Properties under TCT Nos. 61722, 61720 and 190860, CCT Nos. 8782 and 8783 are properties acquired from petitioner’s money without contribution from respondent, hence, these are properties of the petitioner and his lawful wife. Consequently, petitioner is appointed the administrator of these five (5) properties. Respondent is ordered to submit an accounting of her collections of income from these five (5) properties within thirty (30) days from notice hereof. Except for lot under TCT No. 61722, respondent is further directed within thirty (30) days from notice hereof to turn over and surrender control and possession of these properties including the documents of title to the petitioner.
On the properties under TCT Nos. N-193656 and N-253681, these properties are under co-ownership of the parties shared by them equally. However, the share of respondent is declared FORFEITED in favor of Bernice Go Bangayan and Bentley Go Bangayan. The share of the petitioner shall belong to his conjugal ownership with Azucena Alegre. The liquidation, partition and distribution of these two (2) properties shall be further processed pursuant to Section 21 of A.M. No. 02-11-10 of March 15, 2003.
Other properties shall be adjudicated in a later proceeding pursuant to Section 21 of A.M. No. 02-11-10.
Respondent’s claim of spousal support, children support and counterclaims are DISMISSED for lack of merit. Further, no declaration of the status of the parties’ children.
No other relief granted.
Furnish copy of this decision to the parties, their counsels, the Trial Prosecutor, the Solicitor General and the Registry of Deeds in Manila, Quezon City and Caloocan.
Sally filed a Verified and Vigorous Motion for Inhibition with Motion for Reconsideration. In its Order dated 27 August 2009,7 the trial court denied the motion. Sally appealed the trial court’s decision before the Court of Appeals.
The Decision of the Court of Appeals
In its 17 August 2011 Decision, the Court of Appeals partly granted the appeal. The Court of Appeals ruled that the trial court did not err in submitting the case for decision. The Court of Appeals noted that there were six resettings of the case, all made at the instance of Sally, for the initial reception of evidence, and Sally was duly warned to present her evidence on the next hearing or the case would be deemed submitted for decision. However, despite the warning, Sally still failed to present her evidence. She insisted on presenting Benjamin who was not around and was not subpoenaed despite the presence of her other witnesses.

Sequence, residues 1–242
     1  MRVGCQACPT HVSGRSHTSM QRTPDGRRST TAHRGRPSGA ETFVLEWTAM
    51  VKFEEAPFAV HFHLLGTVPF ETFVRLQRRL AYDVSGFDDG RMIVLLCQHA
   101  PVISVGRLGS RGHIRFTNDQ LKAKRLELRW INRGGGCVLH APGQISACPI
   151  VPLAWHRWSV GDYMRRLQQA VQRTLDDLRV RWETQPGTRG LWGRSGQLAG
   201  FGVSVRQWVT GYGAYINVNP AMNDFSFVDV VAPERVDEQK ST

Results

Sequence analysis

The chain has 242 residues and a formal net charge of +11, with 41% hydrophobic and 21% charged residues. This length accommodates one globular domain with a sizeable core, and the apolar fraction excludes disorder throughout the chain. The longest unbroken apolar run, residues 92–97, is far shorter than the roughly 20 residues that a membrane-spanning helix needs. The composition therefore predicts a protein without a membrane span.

The Court of Appeals rejected Sally’s allegation that Benjamin failed to prove his action for declaration of nullity of marriage. The Court of Appeals ruled that Benjamin’s action was based on his prior marriage to Azucena and there was no evidence that the marriage was annulled or dissolved before Benjamin contracted the second marriage with Sally. The Court of Appeals ruled that the trial court committed no error in declaring Benjamin’s marriage to Sally null and void.
The Court of Appeals ruled that the property relations of Benjamin and Sally was governed by Article 148 of the Family Code. The Court of Appeals ruled that only the properties acquired by the parties through their actual joint contribution of money, property or industry shall be owned by them in common in proportion to their respective contribution. The Court of Appeals ruled that the 37 properties being claimed by Sally rightfully belong to Benjamin and his siblings.
As regards the seven properties claimed by both parties, the Court of Appeals ruled that only the properties under TCT Nos. 61720 and 190860 registered in the name of Benjamin belong to him exclusively because he was able to establish that they were acquired by him solely. The Court of